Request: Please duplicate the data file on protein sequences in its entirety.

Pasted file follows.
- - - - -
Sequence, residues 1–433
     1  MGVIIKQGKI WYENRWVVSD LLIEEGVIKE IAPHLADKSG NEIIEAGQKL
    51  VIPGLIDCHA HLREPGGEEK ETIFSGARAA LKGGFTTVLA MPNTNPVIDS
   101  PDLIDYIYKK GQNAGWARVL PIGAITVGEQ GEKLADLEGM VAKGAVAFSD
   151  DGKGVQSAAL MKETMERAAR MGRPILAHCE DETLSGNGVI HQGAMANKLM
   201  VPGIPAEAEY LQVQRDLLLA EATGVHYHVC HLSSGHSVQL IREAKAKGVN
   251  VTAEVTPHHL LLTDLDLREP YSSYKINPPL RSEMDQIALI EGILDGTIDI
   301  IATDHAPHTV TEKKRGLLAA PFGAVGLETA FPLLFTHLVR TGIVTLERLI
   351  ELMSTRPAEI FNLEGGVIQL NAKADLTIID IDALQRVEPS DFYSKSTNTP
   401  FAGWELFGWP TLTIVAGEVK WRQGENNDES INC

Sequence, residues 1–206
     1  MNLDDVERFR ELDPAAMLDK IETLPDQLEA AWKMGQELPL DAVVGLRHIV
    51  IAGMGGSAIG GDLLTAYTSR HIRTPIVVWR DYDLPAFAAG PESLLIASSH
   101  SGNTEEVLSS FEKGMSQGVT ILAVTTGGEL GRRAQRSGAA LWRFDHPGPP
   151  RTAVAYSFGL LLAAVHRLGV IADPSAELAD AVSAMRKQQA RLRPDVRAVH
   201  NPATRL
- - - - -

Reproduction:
Sequence, residues 1–433
     1  MGVIIKQGKI WYENRWVVSD LLIEEGVIKE IAPHLADKSG NEIIEAGQKL
    51  VIPGLIDCHA HLREPGGEEK ETIFSGARAA LKGGFTTVLA MPNTNPVIDS
   101  PDLIDYIYKK GQNAGWARVL PIGAITVGEQ GEKLADLEGM VAKGAVAFSD
   151  DGKGVQSAAL MKETMERAAR MGRPILAHCE DETLSGNGVI HQGAMANKLM
   201  VPGIPAEAEY LQVQRDLLLA EATGVHYHVC HLSSGHSVQL IREAKAKGVN
   251  VTAEVTPHHL LLTDLDLREP YSSYKINPPL RSEMDQIALI EGILDGTIDI
   301  IATDHAPHTV TEKKRGLLAA PFGAVGLETA FPLLFTHLVR TGIVTLERLI
   351  ELMSTRPAEI FNLEGGVIQL NAKADLTIID IDALQRVEPS DFYSKSTNTP
   401  FAGWELFGWP TLTIVAGEVK WRQGENNDES INC

Sequence, residues 1–206
     1  MNLDDVERFR ELDPAAMLDK IETLPDQLEA AWKMGQELPL DAVVGLRHIV
    51  IAGMGGSAIG GDLLTAYTSR HIRTPIVVWR DYDLPAFAAG PESLLIASSH
   101  SGNTEEVLSS FEKGMSQGVT ILAVTTGGEL GRRAQRSGAA LWRFDHPGPP
   151  RTAVAYSFGL LLAAVHRLGV IADPSAELAD AVSAMRKQQA RLRPDVRAVH
   201  NPATRL